9. In a telephone amplifier, a U-shaped electromagnet, a pair of supporting arms carried by said magnet, a supporting plate carried by said arms and extending across the. end of said magnet, an armature for said magnet, and means carried by said plate for damping the vibrations of said armature.
10. In a telephone amplifier, a magnet, non-magnetic supporting arms carried by said magnet, an armature carried by said supporting arms, and a soft pad mounted adjacent to said armature for damping the vibrations of said armature.
11.. In a telephone amplifier, a magnet, a pair of non-magnetic supporting arms carried by said magnet, a pair of flat springs carried by said supporting arms, a supporting member carried by said springs, and an armature mounted upon said supporting member.
12. In a telephone amplifier, an electromagnet, a pair of supporting arms carried thereby, a pair of flat springs adjustably carried by said supporting arms, a supporting member mounted transversely on said springs, an armature carried by said mem her, and means located adjacent to said armature for damping the vibrations of the same.
13. In a telephone amplifier, a magnet, a pair of supporting arms, a pair of springs carried by said supporting arms, an armature carried by said springs, a supporting plate mounted on said supporting arms, and an adjustable member carried by said plate for damping the vibrations of said armature.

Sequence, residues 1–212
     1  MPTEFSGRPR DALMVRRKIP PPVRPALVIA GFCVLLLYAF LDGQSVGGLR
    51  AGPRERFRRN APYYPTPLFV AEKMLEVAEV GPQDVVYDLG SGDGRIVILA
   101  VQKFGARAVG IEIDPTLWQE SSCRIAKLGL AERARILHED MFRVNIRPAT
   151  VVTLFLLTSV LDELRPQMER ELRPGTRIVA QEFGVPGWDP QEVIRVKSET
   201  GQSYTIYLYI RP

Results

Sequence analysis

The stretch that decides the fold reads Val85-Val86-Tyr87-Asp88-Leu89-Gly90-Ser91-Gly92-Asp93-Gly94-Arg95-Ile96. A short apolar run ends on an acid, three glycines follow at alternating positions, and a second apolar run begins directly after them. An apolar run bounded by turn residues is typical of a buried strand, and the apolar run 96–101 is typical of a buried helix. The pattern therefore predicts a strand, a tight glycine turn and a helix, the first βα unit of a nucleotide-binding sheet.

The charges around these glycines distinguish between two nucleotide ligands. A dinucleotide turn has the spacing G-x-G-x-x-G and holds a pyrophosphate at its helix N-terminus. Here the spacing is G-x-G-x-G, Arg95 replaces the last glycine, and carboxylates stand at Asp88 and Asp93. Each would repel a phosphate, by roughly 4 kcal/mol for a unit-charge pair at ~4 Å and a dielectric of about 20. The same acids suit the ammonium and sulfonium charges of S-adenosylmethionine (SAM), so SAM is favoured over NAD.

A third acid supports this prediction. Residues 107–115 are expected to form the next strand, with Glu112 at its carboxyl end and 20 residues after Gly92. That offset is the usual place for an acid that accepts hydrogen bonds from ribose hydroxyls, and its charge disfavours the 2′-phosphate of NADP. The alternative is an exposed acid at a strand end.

14. In a telephone amplifier, a pair of supporting arms, a pair of flat springs adjustably carried by said supporting arms, a sup porting member carried by said springs, an armature mounted upon said member, a supporting plate mounted on said supporting arms, a base plate mounted adjacent to said supporting plate but insulated therefrom, a microphone transmitter mounted upon said base plate, and connections from the movable electrode of said transmitter to said supporting member.
15, In a telephone amplifier, a pair of supporting arms, a pair of fiat springs adjustably carried by said supporting arms, a supporting member carried by said springs, an armature mounted upon said member, a supporting plate mounted on said supporting arms, a base plate mounted adjacent to said supporting plate but insulated therefrom, a
of said armature for damping the vibrations of the same, a microphone transmitter, and a rod connected directly to said transmitter and extending to said armature.
17. In a teieohone amplifier, an electroinagnet, an armature therefor providing a magnetic circuit open at two points, a pair of bowed springs for supporting said arn1atnre, means for damping the vibrations of said armature, a microphone transmitter, 10 and connections from said armature to Said transmitter.
Signed by me at Chicago, Cook county, Illinois, this 3rd day of May, 1912.
JOHN J. COMER. Witnesses:
H. A. Swnxanrox, S. LEWIS.
hopies of this patent may be obtained for five cents each, by addressing the Commissioner 01' Patents. Washington, 1). 0.
US69533412A 1912-05-06 1912-05-06 Telephone-amplifier. Expired - Lifetime US1185878A (en)